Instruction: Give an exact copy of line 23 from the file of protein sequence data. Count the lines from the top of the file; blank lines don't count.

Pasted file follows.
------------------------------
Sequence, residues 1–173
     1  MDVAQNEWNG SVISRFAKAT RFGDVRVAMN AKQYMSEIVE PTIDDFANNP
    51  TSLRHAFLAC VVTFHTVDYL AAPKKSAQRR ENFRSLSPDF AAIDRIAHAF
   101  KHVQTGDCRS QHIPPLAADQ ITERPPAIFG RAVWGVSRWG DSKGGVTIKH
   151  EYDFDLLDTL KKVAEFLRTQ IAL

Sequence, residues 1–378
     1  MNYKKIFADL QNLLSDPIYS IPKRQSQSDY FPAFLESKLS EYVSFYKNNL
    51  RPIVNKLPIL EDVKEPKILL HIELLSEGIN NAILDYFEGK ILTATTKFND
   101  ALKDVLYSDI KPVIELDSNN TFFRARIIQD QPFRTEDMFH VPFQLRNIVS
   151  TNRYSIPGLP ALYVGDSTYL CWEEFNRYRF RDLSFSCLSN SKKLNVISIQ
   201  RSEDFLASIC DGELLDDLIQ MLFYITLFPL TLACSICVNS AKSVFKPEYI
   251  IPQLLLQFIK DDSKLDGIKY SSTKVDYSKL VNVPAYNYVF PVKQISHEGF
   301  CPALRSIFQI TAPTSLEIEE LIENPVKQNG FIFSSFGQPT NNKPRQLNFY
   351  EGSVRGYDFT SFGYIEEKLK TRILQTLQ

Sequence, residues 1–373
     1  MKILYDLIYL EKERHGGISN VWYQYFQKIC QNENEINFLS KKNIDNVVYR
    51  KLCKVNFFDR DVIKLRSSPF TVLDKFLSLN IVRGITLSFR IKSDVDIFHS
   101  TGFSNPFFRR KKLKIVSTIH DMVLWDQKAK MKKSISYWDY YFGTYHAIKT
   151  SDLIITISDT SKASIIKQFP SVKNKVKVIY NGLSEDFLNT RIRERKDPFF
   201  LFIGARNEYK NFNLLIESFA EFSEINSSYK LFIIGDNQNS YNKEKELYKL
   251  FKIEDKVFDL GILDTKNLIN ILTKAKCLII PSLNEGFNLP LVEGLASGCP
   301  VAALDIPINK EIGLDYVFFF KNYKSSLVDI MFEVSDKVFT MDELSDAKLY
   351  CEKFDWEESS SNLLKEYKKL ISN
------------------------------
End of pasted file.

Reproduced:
   351  CEKFDWEESS SNLLKEYKKL ISN